Students have been tackling some of the most serious challenges facing rural Northumberland and some of their best ideas could transform the future of remote communities.
It was all part of the FLUX competition, run by the Careers Service at Newcastle University in conjunction with the Glendale Gateway Trust.
Glendale, a small rural community of 5,000, is struggling to survive as a balanced community.
There is little to hold young people due to poor transport links, limited affordable housing and few employment opportunities.
The 20 teams of six students were given the challenge of developing a business plan to help solve these issues, after taking advice from top business experts.
And it is hoped that some of their ideas will be implemented in the Glendale area around the village of Wooler.
The winning team came up with a plan to set up a cooperative for organic farmers, which would plough profits back into the community.
Other ideas, which could also be implemented if they meet with approval by the Trust and local community, included developing more services and activities in Wooler’s Cheviot Centre, building extra housing targeted at young people and organising music festivals.
Newcastle University engineering student Josh Levine, a member of the winning team, said: “This was a great experience for so many reasons.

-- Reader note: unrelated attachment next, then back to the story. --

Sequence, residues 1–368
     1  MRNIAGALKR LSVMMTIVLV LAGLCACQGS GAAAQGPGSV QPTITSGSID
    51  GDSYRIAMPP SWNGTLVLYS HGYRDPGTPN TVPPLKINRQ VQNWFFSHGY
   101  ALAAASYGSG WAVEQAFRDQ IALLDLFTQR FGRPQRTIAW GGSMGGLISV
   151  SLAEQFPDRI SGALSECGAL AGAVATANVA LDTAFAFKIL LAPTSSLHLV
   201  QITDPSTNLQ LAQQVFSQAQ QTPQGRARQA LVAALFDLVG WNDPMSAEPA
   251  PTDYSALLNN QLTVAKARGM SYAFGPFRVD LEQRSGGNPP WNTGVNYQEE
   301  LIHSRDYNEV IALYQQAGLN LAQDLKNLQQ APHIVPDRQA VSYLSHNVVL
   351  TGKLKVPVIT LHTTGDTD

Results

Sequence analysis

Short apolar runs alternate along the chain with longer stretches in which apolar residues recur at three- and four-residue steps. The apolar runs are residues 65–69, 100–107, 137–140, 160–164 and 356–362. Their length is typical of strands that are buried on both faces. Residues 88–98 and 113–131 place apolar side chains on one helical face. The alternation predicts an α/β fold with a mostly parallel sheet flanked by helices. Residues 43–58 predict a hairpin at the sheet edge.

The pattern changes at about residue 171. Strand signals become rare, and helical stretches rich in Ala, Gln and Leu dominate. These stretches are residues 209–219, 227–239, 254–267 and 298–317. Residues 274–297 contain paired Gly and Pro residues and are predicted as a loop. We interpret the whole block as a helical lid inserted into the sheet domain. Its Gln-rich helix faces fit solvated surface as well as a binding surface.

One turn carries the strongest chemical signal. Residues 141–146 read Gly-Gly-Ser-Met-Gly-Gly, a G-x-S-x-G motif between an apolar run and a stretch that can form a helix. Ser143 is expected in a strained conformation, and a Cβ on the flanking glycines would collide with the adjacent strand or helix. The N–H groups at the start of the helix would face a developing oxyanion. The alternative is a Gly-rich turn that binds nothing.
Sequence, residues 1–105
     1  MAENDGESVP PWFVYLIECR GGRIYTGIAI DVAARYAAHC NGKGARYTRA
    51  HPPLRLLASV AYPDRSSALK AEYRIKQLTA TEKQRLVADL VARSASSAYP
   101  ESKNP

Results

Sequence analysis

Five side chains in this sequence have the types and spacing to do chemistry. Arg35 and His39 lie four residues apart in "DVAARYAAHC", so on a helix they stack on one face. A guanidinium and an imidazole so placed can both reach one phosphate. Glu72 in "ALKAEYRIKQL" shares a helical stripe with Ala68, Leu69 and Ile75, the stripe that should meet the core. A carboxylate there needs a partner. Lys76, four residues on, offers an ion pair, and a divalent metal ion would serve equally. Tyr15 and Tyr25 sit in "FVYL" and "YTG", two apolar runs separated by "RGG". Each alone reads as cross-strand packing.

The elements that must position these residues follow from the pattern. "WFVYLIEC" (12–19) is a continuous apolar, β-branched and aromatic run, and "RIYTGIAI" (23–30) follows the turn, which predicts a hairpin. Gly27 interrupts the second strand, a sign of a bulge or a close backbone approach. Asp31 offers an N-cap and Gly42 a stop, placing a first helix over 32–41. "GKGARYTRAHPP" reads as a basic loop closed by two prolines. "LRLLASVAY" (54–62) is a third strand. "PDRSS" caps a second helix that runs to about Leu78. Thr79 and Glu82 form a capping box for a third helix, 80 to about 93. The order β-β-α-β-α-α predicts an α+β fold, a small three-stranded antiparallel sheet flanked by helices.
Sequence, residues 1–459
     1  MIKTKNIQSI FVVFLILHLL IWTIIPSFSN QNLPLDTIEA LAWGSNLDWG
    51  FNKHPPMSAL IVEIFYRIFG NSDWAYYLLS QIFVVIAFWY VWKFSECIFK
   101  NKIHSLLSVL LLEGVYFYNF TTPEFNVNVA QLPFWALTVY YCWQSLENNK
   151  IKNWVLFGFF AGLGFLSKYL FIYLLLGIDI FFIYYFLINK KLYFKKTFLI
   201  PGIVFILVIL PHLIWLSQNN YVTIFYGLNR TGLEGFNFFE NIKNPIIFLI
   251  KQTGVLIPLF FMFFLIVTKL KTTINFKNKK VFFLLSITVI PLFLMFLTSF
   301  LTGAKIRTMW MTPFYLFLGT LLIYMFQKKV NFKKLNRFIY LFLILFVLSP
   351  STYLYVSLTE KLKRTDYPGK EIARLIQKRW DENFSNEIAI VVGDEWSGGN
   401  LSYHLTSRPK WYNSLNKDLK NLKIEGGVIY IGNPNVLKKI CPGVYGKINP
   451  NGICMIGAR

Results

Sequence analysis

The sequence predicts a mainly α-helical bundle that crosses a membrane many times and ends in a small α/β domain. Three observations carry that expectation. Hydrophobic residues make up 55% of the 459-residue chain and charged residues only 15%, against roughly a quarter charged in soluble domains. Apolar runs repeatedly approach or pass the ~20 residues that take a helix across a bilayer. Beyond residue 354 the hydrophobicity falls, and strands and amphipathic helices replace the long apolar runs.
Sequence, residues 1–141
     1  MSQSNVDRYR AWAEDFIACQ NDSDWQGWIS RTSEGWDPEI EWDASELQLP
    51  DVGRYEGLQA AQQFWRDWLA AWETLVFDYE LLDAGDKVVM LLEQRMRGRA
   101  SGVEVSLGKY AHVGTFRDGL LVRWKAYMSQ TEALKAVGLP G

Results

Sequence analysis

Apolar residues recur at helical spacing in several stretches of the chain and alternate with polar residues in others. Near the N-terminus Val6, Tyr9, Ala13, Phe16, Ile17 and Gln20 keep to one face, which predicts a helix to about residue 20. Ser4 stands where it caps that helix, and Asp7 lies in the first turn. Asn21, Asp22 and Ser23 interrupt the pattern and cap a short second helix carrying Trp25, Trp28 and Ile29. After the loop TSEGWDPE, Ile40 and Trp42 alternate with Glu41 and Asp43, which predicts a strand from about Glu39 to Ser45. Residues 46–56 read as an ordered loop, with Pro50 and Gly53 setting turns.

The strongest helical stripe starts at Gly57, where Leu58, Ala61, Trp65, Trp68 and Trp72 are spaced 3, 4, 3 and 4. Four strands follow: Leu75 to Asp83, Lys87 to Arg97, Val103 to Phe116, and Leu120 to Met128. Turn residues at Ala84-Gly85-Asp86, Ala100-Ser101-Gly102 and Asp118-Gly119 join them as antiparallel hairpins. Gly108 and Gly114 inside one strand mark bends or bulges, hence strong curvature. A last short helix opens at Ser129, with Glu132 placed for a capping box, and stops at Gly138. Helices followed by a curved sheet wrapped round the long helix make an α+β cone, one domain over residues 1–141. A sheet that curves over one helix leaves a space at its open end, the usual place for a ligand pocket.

“It was good to be given a real life scenario and have to come up with solutions working as part of a team.
“It has definitely helped build my skills and made me confident that I will be able to contribute once I start my career; the pace was so fast that we were constantly thinking.”
Josh, who wants to set up his own business once he has graduated next year, added: “The advice from the experts was hugely useful and gave a real insight into the business world.”
Patsy Healey, chairman of the Glendale Gateway Trust, said: “Glendale faces lots of challenges and encouraging young people to stay in our area is among the most important. If the younger generation moves away, this puts the future of our communities in doubt.
“For that reason, it was great to work with Newcastle University to hopefully come up with some solutions which could make the long-term future of Glendale more secure.”